Vegetable Craft

Add some vegetable beauty to your home this Fall.

| Fall 2013

  • Bowling-pin shaped gourds, (Lagenaria s.), such as ‘Big Apple’, ‘Gakhaa’ and ‘Speckled Swan’ varieties, make wonderful birdhouses.
    Photo by
  • 'Strawberry' popcorn can be used to create beautiful fall wreaths and centerpieces.
    Photo by
  • Showcase the beauty of gardening year-round with handcrafted jewelry made from your favorite garden seeds.
    Photo by Fotolia/Christophe Fouquin
  • Strung peppers make a charming decoration inside and outside the home. Listening to the seeds rattle around inside the dried peppers on a windy day reminds us of being in the Southwest.
    Photo by Fotolia/marthamarks
  • Dried okra pods are a work of art in themselves. Let your creative juices flow to create beautiful dried flower arrangements with these seed pods.
    Photo by Karen K. Will

If you're eaten your fill of fresh garden bounty and put up the rest, try a new tact this season and use vegetables for interesting and useful craft material. Colorful popcorn, gourds, okra, and peppers can all be dried and transformed into unique handmade gifts or added to your home decor. From birdhouses made from gourds and mini pumpkins, centerpieces featuring dried corn, to jewelry and wreaths … all can be made from using your imagination and dried vegetables. It’s a cool way for gardeners to show their creativity, and a perfect way to add a touch of “vegetable beauty” to your home. Dried vegetables lend themselves to a variety of decorations and projects and, not only are these vegetables colorful, but many of them become quite aromatic as they dry.

With the many decorative possibilities that ornamental gourds offer, they are one of the easiest and most versatile materials for craft projects for every season. By combining some readily available art supplies, and your own personal touch of creativity, you can create some handcrafted masterpieces ranging from birdhouses and feeders, flower pots and caches, serving bowls, luminaries, and even table centerpieces.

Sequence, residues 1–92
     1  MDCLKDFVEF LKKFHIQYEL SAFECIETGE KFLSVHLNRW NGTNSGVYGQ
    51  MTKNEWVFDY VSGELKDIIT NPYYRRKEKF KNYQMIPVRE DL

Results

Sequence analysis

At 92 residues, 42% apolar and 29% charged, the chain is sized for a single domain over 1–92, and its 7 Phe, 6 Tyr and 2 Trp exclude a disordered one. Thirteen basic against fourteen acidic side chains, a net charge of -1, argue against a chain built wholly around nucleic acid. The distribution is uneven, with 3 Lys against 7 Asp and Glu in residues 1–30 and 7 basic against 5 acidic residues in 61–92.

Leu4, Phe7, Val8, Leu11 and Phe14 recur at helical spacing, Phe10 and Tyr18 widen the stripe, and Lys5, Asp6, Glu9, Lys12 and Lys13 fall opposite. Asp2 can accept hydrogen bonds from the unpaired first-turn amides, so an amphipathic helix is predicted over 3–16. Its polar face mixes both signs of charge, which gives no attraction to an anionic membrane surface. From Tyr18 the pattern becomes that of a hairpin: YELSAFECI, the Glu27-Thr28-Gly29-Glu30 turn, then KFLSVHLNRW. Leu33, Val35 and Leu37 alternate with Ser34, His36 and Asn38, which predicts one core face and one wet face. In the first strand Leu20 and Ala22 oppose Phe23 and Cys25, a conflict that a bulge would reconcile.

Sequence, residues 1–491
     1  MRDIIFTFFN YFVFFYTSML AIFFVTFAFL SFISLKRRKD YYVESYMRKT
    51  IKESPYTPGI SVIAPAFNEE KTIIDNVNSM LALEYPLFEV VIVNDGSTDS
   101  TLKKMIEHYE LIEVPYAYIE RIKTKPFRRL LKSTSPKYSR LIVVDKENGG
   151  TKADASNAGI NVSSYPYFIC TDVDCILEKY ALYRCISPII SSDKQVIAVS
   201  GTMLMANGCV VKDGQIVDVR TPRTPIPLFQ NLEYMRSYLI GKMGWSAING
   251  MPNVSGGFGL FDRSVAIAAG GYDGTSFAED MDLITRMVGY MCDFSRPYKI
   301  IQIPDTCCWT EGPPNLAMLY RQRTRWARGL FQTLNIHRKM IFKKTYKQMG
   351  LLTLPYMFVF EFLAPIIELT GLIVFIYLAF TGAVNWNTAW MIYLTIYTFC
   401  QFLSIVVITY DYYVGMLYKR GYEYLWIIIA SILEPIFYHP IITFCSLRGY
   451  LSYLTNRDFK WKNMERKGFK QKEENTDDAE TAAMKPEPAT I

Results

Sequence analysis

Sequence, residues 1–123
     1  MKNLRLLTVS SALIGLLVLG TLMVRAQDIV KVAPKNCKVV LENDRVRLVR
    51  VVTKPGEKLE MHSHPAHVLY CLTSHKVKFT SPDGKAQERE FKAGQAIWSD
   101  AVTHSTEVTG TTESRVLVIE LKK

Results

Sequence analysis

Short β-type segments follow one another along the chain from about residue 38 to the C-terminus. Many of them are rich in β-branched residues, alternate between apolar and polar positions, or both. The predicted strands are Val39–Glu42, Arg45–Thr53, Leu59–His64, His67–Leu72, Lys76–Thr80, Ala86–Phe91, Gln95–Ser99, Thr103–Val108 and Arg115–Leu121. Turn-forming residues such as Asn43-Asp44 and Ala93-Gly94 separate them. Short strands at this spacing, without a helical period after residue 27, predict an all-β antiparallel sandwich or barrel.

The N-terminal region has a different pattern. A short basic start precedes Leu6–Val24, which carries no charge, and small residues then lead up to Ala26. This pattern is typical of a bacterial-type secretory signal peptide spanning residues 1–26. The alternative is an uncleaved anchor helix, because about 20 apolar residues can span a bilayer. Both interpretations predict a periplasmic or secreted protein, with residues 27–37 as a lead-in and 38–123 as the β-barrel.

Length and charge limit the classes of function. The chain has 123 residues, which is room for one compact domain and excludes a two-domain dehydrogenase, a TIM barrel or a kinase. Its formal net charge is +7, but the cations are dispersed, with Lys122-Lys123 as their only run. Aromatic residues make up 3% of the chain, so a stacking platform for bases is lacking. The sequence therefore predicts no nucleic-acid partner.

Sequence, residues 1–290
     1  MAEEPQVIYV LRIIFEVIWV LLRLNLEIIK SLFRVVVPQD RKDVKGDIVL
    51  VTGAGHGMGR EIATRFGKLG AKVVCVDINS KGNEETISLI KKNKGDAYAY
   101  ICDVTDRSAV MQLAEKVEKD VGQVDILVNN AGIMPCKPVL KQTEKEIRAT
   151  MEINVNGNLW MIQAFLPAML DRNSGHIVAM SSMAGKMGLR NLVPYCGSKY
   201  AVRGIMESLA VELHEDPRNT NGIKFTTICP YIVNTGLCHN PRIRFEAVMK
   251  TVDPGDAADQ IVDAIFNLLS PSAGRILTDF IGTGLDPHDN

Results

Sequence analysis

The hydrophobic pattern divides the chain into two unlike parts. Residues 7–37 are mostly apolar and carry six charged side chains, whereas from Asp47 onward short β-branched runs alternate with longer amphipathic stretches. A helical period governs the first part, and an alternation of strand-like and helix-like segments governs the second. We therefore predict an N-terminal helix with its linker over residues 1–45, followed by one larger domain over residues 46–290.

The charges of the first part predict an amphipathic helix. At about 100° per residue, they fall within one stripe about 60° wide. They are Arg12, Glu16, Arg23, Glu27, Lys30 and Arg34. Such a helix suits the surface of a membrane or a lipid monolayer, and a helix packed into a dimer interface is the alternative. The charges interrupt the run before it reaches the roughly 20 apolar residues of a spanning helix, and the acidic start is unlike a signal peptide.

Bowling-pin shaped gourds, (Lagenaria s.), such as ‘Big Apple’, ‘Gakhaa’ and ‘Speckled Swan’ cultivars, make wonderful birdhouses. Cucurbita p. gourds like ‘Japanese Nest Egg’, ‘Orange’, and ‘Small Apple’ make colorful containers for potpourri or tea lights. Try ‘Bali Sugar Trough’, ‘Bushel Basket’, and ‘Calabash’ to create a jewelry box or water jug. You can grow these gourds easily yourself or buy them fresh. Either way, you’ll need to dry and cure them before making anything.

Harvest the gourds in fall when they are fully mature. You’ll need a drill and drill bits, a small knife, sandpaper, a 1/4-inch dowel, and wood glue to make a birdhouse. Set these items aside while you thoroughly clean the outside of the gourds with a damp sponge and soap, removing any debris. Wipe them down with some rubbing alcohol and place them in a well-ventilated place to dry. After one week, move the gourds to a dark, dry place where they can start to dry on the inside. This will take about four to six months.

When the gourds lighten in color and you can hear the seeds rattling around inside when you shake them, the gourds are cured and ready to drill for your creation. Use sandpaper to smooth the outside surface. Then take your drill and bit to create an opening for the bird as well as a smaller hole for your dowel. Place wood glue on the end of the dowel and slide it into the small hole. Allow the glue to dry. Then you can use paint to decorate the surface of the gourd, if desired.

Multi-colored dried corn and mini pumpkins can be used to make beautiful fall wreaths, or wreaths for any time of the year. The cute, little 2 to 3-inch ‘Strawberry’ cultivar popcorn (Zea mays), produces rich, deep red small ears of popcorn that look like strawberries. Leave half of the husks on some and remove them entirely from others. ‘Rainbow Sweet Inca’ is another strain of a beautiful multi-colored corn that makes an ornamental addition in fall wreaths and centerpieces.



October 19-20, 2019
Topeka, Kansas

Join us in the heart of the Midwest to explore ways to save money and live efficiently. This two-day event includes hands-on workshops and a marketplace featuring the latest homesteading products.


Subscribe today

Heirloom GardenerCultivate your love of historic plant varieties and traditional recipes with a subscription to Heirloom Gardener magazine today!

Don’t miss a single issue of Heirloom Gardener. Published by the editors of MOTHER EARTH NEWS, Heirloom Gardener provides decades of organic gardening experience from the most trusted voices in the field. Subscribe today and save as much as 38% off the newsstand price! Get one year (4 issues) for only $24.95!

Facebook Pinterest Instagram YouTube

click me